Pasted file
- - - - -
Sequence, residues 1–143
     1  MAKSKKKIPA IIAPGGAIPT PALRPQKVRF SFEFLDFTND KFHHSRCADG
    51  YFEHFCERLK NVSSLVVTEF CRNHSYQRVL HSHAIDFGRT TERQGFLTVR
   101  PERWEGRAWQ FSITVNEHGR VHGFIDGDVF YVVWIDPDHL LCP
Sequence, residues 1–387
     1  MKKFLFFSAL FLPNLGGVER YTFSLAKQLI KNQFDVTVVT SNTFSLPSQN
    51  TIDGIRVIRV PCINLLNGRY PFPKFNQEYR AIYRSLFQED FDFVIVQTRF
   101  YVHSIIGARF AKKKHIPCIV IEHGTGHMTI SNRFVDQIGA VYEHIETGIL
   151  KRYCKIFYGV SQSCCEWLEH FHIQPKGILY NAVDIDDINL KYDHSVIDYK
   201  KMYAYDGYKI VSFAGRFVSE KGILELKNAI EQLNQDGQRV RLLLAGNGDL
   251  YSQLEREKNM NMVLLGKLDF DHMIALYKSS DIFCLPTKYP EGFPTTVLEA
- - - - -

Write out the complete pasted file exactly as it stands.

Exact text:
Sequence, residues 1–143
     1  MAKSKKKIPA IIAPGGAIPT PALRPQKVRF SFEFLDFTND KFHHSRCADG
    51  YFEHFCERLK NVSSLVVTEF CRNHSYQRVL HSHAIDFGRT TERQGFLTVR
   101  PERWEGRAWQ FSITVNEHGR VHGFIDGDVF YVVWIDPDHL LCP
Sequence, residues 1–387
     1  MKKFLFFSAL FLPNLGGVER YTFSLAKQLI KNQFDVTVVT SNTFSLPSQN
    51  TIDGIRVIRV PCINLLNGRY PFPKFNQEYR AIYRSLFQED FDFVIVQTRF
   101  YVHSIIGARF AKKKHIPCIV IEHGTGHMTI SNRFVDQIGA VYEHIETGIL
   151  KRYCKIFYGV SQSCCEWLEH FHIQPKGILY NAVDIDDINL KYDHSVIDYK
   201  KMYAYDGYKI VSFAGRFVSE KGILELKNAI EQLNQDGQRV RLLLAGNGDL
   251  YSQLEREKNM NMVLLGKLDF DHMIALYKSS DIFCLPTKYP EGFPTTVLEA